Graduation. An advancement from one level to the next, most often in academic settings. In this case, I wondered about whether I would gain anything from attending my third such ceremony, from Queens University with a Master of Arts in Communication, given that the brunt of study had concluded in December and I’d already had the degree in hand. But as others pointed out, and I definitely found to be the case, this celebration allowed my family members and friends to join me in embracing my accomplishments, and have a little fun around a generally positive event. So I decided what the hey, I would go ahead and attend.
The biggest challenge of going to this graduation was simply getting there. The university is located in Charlotte, North Carolina, and so my wife and I hit the road for the Queen City on Friday right after work, both tired but also kind of excited. Arriving at my cousin’s place where I had stayed for seven months as last year wrapped up, we made quick work of a fast-food meal and bedded down for the 6:15 wake up on Saturday (who gets up that early, on a Saturday!) We had to do that though, because this institution had scheduled the festivities for 9 AM, and we needed to collect her parents from their hotel and grab a bite to eat. All of this went smoothly, and we arrived on campus around 8 AM, where I met the woman who would assist me on my glorious walk across that stage. She’s the assistant director of Diversity and Inclusion at that school, and I found her to be quite nice, and clearly popular. Fortunately for all of our sanity, she was sitting at the check-in table waiting for me as soon as we entered, calling my name out immediately.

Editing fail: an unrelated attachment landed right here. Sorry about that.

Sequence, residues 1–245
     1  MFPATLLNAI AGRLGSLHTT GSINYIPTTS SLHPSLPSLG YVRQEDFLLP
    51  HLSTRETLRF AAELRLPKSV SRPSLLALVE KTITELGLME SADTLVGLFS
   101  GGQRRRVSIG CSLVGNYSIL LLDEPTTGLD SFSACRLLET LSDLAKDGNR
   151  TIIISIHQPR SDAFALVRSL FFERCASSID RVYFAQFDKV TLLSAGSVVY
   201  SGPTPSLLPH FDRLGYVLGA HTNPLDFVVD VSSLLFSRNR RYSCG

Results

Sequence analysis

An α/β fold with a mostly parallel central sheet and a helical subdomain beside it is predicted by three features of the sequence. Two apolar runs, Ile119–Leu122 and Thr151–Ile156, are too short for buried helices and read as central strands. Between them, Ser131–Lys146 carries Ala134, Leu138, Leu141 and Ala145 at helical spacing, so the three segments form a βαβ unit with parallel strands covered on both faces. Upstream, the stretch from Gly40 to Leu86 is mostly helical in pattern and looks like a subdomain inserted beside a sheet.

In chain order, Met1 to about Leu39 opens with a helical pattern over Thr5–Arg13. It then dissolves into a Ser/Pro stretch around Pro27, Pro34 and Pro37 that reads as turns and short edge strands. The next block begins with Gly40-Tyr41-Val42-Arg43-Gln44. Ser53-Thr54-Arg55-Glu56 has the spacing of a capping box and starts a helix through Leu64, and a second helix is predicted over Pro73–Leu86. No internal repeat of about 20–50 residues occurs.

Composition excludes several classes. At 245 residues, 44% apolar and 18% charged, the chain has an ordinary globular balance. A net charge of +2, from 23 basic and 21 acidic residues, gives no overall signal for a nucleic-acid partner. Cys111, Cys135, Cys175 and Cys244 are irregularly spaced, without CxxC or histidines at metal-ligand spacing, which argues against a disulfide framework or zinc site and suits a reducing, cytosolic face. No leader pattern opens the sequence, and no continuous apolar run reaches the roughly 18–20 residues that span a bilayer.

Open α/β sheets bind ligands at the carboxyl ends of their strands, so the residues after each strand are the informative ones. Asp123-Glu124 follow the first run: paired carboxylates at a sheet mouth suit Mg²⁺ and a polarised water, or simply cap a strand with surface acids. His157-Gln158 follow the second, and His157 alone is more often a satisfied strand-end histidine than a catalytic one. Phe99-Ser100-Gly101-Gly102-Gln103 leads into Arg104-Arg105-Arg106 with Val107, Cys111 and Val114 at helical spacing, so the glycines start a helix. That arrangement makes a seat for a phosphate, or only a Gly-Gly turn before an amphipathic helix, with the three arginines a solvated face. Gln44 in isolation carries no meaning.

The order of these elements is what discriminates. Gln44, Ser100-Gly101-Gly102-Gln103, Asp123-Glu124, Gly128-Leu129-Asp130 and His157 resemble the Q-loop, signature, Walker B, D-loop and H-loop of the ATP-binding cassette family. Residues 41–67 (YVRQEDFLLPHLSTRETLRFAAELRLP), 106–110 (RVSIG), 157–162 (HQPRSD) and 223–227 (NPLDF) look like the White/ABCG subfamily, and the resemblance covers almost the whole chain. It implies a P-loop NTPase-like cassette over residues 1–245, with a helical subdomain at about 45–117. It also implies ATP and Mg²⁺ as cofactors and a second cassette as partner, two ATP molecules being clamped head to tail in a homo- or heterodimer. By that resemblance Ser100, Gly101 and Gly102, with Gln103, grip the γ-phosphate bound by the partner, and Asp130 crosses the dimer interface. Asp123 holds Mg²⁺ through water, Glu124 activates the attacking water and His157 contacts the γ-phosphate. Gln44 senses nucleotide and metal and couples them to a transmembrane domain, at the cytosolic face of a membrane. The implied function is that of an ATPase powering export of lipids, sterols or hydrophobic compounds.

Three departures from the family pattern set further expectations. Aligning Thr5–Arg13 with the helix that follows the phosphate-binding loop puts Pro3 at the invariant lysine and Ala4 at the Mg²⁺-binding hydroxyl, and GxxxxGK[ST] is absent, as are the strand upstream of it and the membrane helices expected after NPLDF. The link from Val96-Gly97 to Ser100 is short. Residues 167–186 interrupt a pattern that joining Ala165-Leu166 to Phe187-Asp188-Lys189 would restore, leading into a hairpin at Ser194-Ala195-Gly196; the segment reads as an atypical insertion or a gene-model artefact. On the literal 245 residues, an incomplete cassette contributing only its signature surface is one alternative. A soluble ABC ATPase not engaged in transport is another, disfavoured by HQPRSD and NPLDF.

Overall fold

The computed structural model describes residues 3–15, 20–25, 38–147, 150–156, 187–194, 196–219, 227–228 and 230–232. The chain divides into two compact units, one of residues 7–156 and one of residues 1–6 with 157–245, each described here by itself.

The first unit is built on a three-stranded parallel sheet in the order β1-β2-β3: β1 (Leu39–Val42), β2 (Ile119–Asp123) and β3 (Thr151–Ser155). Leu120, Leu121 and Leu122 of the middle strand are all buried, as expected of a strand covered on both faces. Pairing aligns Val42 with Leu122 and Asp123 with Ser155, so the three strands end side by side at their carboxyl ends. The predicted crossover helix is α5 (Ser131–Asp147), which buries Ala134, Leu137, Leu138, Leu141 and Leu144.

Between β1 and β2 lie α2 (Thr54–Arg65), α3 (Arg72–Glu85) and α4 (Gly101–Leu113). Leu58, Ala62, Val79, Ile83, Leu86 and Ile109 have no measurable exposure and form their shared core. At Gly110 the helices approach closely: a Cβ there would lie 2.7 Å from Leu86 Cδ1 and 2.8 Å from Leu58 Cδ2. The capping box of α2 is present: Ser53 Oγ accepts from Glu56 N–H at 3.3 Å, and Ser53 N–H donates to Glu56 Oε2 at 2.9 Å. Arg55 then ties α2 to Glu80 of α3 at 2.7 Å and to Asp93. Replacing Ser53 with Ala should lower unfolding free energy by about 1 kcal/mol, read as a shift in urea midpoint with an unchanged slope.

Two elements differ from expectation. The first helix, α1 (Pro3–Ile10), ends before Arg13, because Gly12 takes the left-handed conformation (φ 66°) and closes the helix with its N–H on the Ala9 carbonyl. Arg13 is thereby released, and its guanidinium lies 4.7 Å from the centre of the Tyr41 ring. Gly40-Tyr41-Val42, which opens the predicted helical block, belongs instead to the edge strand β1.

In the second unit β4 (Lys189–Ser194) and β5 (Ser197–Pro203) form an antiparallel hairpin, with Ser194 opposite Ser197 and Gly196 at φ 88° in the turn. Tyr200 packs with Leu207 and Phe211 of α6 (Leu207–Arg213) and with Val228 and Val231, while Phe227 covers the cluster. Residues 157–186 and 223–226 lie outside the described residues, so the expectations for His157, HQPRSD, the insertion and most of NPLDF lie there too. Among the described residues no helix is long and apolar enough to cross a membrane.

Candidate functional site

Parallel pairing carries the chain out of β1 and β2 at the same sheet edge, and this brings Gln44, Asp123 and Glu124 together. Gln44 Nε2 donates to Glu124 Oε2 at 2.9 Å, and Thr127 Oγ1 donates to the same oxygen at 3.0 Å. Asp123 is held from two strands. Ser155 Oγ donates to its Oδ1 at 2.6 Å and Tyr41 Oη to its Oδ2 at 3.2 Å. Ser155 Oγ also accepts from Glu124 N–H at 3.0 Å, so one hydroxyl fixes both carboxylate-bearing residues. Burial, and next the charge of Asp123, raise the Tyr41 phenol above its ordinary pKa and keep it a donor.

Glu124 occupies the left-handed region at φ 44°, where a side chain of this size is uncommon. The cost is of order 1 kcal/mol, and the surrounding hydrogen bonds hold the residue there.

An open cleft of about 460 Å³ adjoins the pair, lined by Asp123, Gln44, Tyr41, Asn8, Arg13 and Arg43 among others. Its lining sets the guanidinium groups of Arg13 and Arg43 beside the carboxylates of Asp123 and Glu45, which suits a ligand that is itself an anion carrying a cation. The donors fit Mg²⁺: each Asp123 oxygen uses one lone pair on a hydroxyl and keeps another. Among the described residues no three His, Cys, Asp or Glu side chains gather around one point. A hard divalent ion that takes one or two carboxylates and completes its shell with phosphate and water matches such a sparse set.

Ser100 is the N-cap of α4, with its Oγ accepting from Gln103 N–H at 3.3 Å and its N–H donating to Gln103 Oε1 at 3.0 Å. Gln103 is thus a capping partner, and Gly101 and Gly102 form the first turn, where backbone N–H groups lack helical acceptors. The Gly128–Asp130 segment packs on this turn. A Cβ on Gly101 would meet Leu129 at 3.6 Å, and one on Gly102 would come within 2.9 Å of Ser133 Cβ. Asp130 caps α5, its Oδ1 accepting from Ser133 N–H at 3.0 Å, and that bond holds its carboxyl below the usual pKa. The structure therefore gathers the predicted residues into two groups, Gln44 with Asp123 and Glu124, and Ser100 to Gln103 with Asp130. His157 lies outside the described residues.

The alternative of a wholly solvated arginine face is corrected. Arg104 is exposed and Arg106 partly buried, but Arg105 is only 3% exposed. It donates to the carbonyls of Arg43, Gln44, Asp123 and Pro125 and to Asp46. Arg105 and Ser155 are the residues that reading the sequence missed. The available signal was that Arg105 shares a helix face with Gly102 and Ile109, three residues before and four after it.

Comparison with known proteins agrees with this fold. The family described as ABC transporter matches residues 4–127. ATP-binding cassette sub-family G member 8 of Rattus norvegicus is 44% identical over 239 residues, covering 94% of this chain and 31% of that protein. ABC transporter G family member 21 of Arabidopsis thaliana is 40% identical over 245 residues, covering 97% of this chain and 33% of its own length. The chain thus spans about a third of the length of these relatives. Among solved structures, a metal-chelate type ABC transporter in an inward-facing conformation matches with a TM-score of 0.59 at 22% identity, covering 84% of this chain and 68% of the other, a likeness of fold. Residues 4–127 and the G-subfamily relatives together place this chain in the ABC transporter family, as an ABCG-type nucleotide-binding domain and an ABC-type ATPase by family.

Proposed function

The next twenty minutes were spent trying to stay awake amid the ever-swelling crowds and pondering what I had achieved. I finally felt a sense of satisfaction at being there, and over the fact that things were a lot less chaotic than the habitually worried I feared. And then the fun began.
First, we took group photos at 8:30. To do this, we had to descend some unnervingly rickety stairs into the university’s gym that had her contemplating more than once if we should just find an elevator. I had to convince her that I would be ok going down, though all those strange turns did have me wondering a little bit. It was all good though, and I suppose I could be seen amongst the masses of Master’s students who were also involved. (Queens has no doctoral programs, small as it is).
Next came the processional, where the Charlotte Band, a group of largely volunteer players, played at least four marching songs, of course including Pomp and Circumstance as we filed in. The ceremony was held outside, and so I was delighted that the weather was partly cloudy with low 80’s. We neither cooked nor soaked, always a gamble in early May. The band was loud though for those of us who were right near it, namely the graduates.